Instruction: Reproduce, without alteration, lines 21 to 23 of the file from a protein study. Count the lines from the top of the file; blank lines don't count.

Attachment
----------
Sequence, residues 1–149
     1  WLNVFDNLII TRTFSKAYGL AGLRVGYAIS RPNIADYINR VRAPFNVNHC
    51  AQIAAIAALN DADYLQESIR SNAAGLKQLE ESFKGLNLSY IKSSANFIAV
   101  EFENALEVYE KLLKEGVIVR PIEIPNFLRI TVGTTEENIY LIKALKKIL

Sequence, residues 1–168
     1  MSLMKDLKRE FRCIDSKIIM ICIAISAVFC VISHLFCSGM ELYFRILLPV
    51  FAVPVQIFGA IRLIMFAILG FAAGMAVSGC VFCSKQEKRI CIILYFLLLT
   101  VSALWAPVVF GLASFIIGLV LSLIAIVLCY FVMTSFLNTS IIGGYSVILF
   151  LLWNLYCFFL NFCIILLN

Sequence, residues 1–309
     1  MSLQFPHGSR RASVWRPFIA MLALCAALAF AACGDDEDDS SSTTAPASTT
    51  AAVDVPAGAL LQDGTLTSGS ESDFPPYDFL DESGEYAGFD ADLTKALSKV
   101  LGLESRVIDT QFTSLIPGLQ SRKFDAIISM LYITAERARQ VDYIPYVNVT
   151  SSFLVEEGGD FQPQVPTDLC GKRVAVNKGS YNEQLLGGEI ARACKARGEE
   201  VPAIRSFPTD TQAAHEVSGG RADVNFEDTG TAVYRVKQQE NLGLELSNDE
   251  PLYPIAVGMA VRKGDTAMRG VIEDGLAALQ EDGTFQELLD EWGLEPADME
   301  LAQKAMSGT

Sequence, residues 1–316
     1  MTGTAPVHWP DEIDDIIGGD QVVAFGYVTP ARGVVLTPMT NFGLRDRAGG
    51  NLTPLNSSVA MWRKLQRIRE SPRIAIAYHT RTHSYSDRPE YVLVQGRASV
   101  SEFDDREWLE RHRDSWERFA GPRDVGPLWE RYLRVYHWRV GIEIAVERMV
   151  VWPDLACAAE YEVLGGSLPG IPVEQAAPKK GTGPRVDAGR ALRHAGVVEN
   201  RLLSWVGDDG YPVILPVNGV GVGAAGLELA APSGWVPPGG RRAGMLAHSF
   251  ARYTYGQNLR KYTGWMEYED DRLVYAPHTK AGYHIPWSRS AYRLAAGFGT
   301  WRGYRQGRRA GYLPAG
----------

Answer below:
   101  SEFDDREWLE RHRDSWERFA GPRDVGPLWE RYLRVYHWRV GIEIAVERMV
   151  VWPDLACAAE YEVLGGSLPG IPVEQAAPKK GTGPRVDAGR ALRHAGVVEN
   201  RLLSWVGDDG YPVILPVNGV GVGAAGLELA APSGWVPPGG RRAGMLAHSF